The cold, hard reality is setting in for TOPS recipients this week. They are receiving letters from colleges and universities reminding them that the popular scholarship program will only cover about 40 percent of their spring tuition.
The Taylor Opportunity Program for Students has traditionally covered full tuition for all students who reach mid-level academic benchmarks, including a 2.5 GPA and a 20 on the ACT. But this year, because of state funding shortfalls, the $300 million program was not fully funded, and recipients of the award will be forced to pay up this January.
"We constantly hear legislators state how they want to keep their word and they don't want to break promises to business and industry, but now they're breaking their promises to these kids," said Thibodaux resident Kevin George, the father of an LSU freshman. "There are more things that could have been done to fully fund TOPS and a majority of legislators said, 'No, we're not going to do that.'"
Letters are going out to Louisiana's TOPS recipients this week from various schools to remind them that they will be on the hook for almost 60 percent of their semester bill.
"From the moment you joined our LSU Tiger family, we have together been committed to your success, up to and beyond graduation," an LSU Student Aid official wrote in a letter to students. "The recent legislative reductions to TOPS may affect this shared goal. Where TOPS previously paid for LSU tuition in full, the current amount of funding for the spring 2017 semester will be $1,559.76."
The price of going to a public college or university in Louisiana is going up again for stud…
That leaves LSU's TOPS students on the hook for $2,172, plus fees. At Southern University, students who received the award will still owe $1,447. At the University of New Orleans, they'll owe $1,772 and at the University of Louisiana-Lafayette, they'll owe $1,573.
During the most recent Legislative session, law makers only funded about 70 percent of the TOPS program, which is the first time in its history it wasn't fully funded. The program was cut because the state was reeling from a $1.6 billion deficit.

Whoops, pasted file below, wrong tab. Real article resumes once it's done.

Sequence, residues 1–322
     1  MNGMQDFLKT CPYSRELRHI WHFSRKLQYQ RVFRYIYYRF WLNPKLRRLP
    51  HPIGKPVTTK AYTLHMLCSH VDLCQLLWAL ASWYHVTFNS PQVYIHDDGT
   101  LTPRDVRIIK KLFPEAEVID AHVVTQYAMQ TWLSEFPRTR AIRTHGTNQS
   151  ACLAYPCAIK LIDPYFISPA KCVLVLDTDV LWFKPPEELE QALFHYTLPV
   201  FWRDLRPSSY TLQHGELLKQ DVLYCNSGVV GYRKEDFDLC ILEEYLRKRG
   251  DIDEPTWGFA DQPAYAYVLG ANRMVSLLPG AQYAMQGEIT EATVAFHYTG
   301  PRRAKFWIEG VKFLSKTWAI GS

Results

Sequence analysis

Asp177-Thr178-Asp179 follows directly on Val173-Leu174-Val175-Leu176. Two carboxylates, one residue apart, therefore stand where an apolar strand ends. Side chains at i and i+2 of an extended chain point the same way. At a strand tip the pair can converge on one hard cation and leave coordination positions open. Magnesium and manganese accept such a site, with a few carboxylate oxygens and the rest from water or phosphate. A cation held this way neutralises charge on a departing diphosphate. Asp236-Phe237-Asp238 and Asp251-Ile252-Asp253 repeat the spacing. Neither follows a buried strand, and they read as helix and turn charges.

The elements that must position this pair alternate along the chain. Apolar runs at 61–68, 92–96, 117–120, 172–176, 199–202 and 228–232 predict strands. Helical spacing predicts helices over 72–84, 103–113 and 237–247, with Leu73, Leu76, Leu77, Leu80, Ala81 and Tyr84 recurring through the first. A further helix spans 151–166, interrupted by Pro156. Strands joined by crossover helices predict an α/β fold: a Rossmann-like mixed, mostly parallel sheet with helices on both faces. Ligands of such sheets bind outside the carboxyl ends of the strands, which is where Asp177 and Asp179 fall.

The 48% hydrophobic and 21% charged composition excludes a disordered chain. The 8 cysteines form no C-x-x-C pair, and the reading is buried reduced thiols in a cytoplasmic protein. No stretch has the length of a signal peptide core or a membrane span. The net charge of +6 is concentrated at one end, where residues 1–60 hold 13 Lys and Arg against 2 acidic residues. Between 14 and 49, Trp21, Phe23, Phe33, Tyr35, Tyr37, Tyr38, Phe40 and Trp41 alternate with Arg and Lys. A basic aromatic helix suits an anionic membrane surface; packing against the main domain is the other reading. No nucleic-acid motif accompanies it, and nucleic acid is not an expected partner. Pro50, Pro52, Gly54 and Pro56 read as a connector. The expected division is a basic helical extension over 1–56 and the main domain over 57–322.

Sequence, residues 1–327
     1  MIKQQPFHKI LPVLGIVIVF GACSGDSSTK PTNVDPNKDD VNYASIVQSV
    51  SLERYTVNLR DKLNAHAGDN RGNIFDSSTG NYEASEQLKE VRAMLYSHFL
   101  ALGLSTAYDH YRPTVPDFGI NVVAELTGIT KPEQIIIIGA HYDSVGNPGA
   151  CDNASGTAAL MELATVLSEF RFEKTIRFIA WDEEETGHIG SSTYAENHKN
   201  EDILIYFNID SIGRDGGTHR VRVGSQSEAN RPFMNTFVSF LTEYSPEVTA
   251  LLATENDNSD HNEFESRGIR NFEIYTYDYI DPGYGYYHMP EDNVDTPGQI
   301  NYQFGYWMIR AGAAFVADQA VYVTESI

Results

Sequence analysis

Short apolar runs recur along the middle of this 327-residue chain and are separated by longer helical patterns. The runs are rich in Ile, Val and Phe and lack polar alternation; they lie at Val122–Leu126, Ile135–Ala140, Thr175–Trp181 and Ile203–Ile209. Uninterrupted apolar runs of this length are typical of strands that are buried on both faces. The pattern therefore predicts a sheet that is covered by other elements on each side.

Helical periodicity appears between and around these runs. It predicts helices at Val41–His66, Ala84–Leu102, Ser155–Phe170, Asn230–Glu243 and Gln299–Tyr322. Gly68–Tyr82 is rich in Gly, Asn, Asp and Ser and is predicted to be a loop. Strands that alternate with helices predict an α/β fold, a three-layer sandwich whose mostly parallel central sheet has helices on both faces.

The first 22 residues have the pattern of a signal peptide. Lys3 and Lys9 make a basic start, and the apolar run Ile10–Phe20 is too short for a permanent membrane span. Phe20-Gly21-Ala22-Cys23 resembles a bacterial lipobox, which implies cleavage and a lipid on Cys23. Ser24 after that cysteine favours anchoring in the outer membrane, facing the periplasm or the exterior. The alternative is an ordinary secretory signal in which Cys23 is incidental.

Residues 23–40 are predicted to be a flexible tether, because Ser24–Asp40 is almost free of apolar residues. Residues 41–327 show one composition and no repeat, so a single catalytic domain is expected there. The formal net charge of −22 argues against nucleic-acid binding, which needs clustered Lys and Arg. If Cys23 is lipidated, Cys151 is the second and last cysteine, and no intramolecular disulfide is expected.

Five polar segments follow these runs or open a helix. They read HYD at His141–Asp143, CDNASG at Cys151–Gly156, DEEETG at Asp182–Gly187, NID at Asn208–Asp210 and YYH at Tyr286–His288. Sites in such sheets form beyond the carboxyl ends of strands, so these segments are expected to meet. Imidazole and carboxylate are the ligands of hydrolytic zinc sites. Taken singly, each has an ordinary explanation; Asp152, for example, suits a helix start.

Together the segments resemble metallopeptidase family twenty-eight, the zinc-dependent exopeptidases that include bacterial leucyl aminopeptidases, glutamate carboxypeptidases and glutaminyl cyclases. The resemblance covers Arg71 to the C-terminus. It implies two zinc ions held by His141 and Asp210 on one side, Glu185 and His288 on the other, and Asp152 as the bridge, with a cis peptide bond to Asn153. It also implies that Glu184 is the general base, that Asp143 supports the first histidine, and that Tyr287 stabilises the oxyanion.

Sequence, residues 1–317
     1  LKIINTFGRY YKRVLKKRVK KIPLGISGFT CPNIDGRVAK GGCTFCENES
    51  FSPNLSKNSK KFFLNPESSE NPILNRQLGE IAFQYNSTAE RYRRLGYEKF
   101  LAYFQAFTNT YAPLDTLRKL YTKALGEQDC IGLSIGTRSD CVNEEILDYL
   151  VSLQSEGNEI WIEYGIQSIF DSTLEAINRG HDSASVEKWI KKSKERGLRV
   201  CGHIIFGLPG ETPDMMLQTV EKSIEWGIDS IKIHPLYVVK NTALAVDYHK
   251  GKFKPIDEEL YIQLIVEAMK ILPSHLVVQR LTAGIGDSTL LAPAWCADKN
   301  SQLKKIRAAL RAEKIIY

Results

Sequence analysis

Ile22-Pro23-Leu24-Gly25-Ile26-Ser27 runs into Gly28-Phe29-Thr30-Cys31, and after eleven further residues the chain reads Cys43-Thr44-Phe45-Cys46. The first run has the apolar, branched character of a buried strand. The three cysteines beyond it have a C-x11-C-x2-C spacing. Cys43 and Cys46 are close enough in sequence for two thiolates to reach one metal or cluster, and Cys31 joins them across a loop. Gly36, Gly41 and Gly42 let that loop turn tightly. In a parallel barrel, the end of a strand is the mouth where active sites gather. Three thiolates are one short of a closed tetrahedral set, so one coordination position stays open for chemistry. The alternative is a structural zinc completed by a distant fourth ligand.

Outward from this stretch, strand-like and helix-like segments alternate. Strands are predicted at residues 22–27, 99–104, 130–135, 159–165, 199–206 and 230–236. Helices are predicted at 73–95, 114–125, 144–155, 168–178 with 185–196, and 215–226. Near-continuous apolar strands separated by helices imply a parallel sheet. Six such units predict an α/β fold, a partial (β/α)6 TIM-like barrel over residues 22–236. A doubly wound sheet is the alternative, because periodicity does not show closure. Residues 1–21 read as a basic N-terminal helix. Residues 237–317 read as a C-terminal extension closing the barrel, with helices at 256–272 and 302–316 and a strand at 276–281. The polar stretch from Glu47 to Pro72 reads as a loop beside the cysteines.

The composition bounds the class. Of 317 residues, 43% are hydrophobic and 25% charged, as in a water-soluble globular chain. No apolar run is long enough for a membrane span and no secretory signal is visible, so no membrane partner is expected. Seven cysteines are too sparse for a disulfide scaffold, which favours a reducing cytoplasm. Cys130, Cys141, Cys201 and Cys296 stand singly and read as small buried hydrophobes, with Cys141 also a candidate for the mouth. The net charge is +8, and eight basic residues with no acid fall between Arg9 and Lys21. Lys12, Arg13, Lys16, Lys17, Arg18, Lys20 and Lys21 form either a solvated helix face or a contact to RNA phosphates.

In an attempt to soften the blow, legislators passed a provision which "front loaded" the TOPS awards, so the fall semester awards were 93 percent covered, while pushing the burden of the total cut to the spring semester, which generally start in January. Some lawmakers said this would allow recipients time to get student loans to cover the difference, if they needed it.
But school officials held out hope that additional dollars would be found later in the year to fully fund the program. That scenario is unlikely, as state officials are now warning that more mid-year cuts could be coming, as the state faces a more than $300 million deficit.
Louisiana Higher Education Commissioner Joe Rallo said there's no reason to believe that TOPS can be saved for this year. But he's more concerned that now it will continue to be sacrificed in the future.
"Unless things turn around in our budget, I don't see TOPS going back to what it used to be sadly," Rallo said. "Once you've broken through that barrier it becomes easier to chip away at."
In the meantime, Rallo said, other states are capitalizing on Louisiana's misfortune by recruiting its students with attractive out-of-state merit scholarships.
For the first time, a TOPS scholarship will not cover the cost of tuition for students atten…
But at least one Louisiana public university promised to absorb the cost of the TOPS cut and keep student scholarships whole. At Northwestern State University, which has about 2,400 TOPS recipients, the school will take a $3.5 million hit to cover the spring shortfall.
"We view this as a commitment to students," said Northwestern State University president Jim Henderson. "They chose to come to Northwestern State or a Louisiana university based on the promise of TOPS and we're doing everything we can to uphold that promise."
But most TOPS students won't be that lucky. Alex Gissel, an LSU junior, said when he started school he'd budgeted what he would owe for the next four years based on the "promise" of what the state would give him for TOPS.
"We're a middle class family. This means we're going to have to take loans out," Gissel said. "My parents have had to work overtime to pay for my college and so have I. I may be in debt by the time I leave."
Can't see the video? Click here.